So what do we really mean when we talk about global connections. It boils down to this: Our well-being is linked to others. What we do in our own lives affects not only ourselves and the people around us, but has ripple effects that can be felt around the world. For that reason, it is important to teach students early (and often) that the choices we make can have powerful consequences. Therefore, we need to help them understand what are good choices versus bad when it comes to the overall well-being of the Earth and its people. Be sure to read to the end of this post to get your free download to make an impact on your students and thus around the world.
In 2015, several countries, came together to create a set of goals meant to keep the world healthy and strong. They came up with 17 Sustainable Developmental Goals with a timeline of being realized by the year 2030. They are not easy goals. But they are critically important if we want to continue to live on a planet that is strong and inhabited by healthy people. You can read more about their mission HERE, but these are the goals they came up with:
- No poverty
- Zero hunger
- Good health and well-being
- Quality education
- Gender equality
- Clean water and sanitation
- Affordable and clean energy
- Decent work and economic growth
- Industries, Innovation, and Infrastructure
- Reduced Inequalities
- Sustainable cities and communities
- Responsible consumption and production
- Climate action
- Life below water
- Life on land
- Peace, justice, and strong institutions
- Partnerships for goals
Those are a lot of goals, so I decided to just choose 8 of them to focus on while creating a unit for students with significant challenges in middle and high school. But the issue still, was how to get them to really understand what a global impact meant, and how they could create one.
1. I started with a book.
I wrote a 64 page book in which I talked about each of the goals in terms I thought students would understand. Then, I gave them a very specific action they could do locally. And a specific action they could do globally.
2. I developed a vocabulary list.
I find that key vocabulary is critical for long-term retention and generalization of the material. For this unit, I was came up with 15 words that I wanted to use in various activities through the unit.
3. I developed some activities.
I love using thinking maps. In particular, I find circle maps to be one of the best tools for teaching our students note taking and seeing the overall picture. I came up with 3 circle maps for this unit. One was a general overview, one was about local impacts, and one covered global impacts.
I also created a sorting activity to assess if the students were really getting the concept of what a good action or choice was versus a bad one. Remember, you can always add color coding if needed for more additional support.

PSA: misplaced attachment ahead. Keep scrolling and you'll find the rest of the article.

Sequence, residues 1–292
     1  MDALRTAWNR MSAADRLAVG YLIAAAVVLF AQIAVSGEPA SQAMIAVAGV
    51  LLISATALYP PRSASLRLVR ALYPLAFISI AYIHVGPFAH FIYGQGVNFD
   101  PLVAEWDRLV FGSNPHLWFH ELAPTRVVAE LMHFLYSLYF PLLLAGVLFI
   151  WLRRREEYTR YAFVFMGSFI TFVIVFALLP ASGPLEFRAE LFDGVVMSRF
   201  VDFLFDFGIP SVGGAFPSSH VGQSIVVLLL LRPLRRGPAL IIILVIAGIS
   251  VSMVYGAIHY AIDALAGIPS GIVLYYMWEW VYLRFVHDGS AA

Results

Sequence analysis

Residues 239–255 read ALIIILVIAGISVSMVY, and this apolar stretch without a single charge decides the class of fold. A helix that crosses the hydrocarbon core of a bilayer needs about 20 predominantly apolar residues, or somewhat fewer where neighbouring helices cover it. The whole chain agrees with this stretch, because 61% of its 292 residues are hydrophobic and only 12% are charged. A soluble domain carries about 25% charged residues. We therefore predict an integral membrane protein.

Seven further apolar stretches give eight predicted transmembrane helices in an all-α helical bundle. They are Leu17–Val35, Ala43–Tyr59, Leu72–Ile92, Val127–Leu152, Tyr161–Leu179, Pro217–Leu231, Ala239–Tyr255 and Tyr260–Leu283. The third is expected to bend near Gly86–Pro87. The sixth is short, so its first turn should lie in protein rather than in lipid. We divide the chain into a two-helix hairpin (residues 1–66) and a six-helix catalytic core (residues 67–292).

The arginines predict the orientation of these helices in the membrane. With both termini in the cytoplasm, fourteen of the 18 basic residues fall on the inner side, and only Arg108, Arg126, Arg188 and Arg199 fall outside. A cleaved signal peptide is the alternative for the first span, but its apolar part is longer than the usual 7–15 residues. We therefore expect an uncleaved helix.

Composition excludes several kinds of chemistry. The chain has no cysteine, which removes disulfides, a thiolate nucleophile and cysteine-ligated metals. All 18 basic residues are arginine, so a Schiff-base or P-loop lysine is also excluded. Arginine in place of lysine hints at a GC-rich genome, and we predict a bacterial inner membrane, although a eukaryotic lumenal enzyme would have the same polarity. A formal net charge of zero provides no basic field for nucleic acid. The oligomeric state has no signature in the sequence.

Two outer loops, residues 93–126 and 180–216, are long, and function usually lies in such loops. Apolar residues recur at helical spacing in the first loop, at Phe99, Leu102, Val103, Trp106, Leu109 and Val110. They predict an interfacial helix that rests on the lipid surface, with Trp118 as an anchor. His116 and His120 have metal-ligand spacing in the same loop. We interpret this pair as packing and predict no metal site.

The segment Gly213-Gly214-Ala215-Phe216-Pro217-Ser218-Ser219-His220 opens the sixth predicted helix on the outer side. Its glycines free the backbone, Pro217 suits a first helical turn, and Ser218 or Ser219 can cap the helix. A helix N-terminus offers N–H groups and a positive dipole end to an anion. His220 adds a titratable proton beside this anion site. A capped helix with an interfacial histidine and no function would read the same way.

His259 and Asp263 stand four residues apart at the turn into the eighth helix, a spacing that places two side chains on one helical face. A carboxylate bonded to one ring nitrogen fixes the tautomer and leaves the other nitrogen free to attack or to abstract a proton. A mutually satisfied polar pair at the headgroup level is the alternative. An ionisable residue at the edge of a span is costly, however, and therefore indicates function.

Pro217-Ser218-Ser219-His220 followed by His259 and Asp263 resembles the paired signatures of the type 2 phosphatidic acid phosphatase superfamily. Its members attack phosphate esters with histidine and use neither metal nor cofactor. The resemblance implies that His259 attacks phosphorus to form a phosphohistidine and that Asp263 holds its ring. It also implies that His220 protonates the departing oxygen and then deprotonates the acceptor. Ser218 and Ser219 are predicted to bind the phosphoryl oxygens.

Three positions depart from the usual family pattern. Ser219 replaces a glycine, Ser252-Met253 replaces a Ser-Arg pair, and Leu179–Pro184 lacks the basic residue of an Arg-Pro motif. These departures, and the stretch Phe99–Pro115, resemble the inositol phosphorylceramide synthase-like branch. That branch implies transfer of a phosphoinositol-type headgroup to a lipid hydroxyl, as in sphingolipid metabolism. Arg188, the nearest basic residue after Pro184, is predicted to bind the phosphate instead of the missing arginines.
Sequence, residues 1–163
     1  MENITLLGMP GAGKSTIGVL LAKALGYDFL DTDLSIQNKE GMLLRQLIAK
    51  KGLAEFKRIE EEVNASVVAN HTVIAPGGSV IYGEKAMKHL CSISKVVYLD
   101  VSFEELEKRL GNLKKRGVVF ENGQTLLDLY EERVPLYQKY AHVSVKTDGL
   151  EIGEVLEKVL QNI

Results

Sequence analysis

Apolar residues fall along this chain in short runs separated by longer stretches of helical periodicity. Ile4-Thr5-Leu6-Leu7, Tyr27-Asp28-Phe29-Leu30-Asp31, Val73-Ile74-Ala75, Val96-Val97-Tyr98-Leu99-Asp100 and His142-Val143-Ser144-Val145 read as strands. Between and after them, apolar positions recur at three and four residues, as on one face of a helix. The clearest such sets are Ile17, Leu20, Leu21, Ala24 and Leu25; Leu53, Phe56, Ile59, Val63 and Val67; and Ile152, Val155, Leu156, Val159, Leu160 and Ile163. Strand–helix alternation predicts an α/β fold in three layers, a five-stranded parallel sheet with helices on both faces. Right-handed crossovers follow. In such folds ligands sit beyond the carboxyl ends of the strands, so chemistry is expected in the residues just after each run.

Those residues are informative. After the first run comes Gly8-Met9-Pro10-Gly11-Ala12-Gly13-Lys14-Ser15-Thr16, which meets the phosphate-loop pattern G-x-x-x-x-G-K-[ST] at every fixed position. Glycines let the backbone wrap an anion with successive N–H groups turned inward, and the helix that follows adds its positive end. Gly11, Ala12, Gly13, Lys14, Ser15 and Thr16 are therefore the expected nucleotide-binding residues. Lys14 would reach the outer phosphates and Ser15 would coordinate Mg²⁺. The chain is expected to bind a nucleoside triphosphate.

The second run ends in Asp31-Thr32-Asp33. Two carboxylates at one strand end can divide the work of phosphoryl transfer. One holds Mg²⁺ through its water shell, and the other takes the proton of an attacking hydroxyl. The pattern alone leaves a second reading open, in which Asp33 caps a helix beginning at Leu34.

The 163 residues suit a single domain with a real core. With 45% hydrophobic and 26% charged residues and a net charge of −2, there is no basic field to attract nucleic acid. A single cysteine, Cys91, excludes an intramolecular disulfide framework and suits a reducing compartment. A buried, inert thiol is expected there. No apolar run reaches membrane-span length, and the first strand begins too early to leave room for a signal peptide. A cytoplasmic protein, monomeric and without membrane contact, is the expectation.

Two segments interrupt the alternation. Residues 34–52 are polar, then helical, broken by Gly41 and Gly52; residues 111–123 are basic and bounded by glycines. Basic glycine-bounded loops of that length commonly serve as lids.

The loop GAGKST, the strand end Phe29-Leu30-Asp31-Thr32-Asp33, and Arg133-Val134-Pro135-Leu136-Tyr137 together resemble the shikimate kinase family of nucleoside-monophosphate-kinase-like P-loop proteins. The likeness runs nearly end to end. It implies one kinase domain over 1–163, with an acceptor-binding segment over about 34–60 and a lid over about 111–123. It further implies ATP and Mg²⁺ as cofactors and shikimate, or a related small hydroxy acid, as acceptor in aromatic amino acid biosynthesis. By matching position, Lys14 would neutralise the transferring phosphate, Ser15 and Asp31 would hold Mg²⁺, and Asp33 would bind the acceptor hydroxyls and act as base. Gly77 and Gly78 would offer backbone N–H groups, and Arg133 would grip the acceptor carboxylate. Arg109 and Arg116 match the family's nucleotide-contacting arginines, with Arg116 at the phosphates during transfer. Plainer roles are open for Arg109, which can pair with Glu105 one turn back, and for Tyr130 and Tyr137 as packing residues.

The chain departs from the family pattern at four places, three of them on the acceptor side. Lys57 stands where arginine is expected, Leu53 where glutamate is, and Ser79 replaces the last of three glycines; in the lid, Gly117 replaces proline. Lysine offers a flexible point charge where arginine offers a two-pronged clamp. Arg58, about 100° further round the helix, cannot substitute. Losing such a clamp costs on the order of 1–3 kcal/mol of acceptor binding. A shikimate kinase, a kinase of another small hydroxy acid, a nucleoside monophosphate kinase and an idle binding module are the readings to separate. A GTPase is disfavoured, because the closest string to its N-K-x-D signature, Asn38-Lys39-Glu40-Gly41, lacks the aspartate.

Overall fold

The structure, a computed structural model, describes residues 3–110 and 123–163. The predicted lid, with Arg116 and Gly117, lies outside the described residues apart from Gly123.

I also made an activity that looked at each goal and had students identify a local and global action they could do for each. Because I wanted students to focus more on matching the change to the goal, I used color coding. All the local actions were outlined in green and global actions were outlined in blue.
4. I created a writing prompt and pledge cards.
I LOVE writing prompts. They are a great way to allow EVERY student to express their own individual thoughts with some support. I make all my prompts errorless. Obviously there are some better answer choices than others, but all the answers will work. The best part is allowing students to then share their finished stories with others. So awesome!!
I also decided to created some pledge cards to go with this unit. I made them similar to how I create power cards. This gave students a way to focus in on one particular goal that was meaningful to them.
5. I made some assessments.
Of course, you need some way to assess if all the work you are putting into teaching this material is actually making an impact on your students. I like to create some close worksheets that are more narrowly focused. I use these as a warm up to determine what sections many need more re-teaching.
Then I also have a standard assessment. I always make 3 versions of the same assessment. Version one allows students to circle the correct answer choice using pictures. Version two requires a little more prep work. I enlarge the answer choices, print them onto card stock and laminated them. I can then ask the student the question and put the answers (field of 2 or 3) in front of them. The student can indicate their answer using the selection method of their choice, which may be pointing, slapping the card, or even eye gaze. The last version is a standard multiple choice assessment for any kiddos who may be good readers.
So, how long will/should it take you to teach your students about global connections and their own individual impact on the world? I broke it all down for you in a 13 day lesson plan. With some reteaching, and inevitable bumps in the road, I can see this lesson lasting at least 3 weeks. But really, when it comes to impacting the world in a lasting and positive way, that seems like hardly any time at all.
Want to try an activity from this unit? There are so many to choose from, but I am including my favorite here, the writing prompt. It would fit well with whatever lesson plans you may already be using, so be sure to click the button below to grab your free copy.
You can also get my complete unit on Global Connections by clicking HERE or the caption below. It was a labor of love that I hope will make an impact around the world.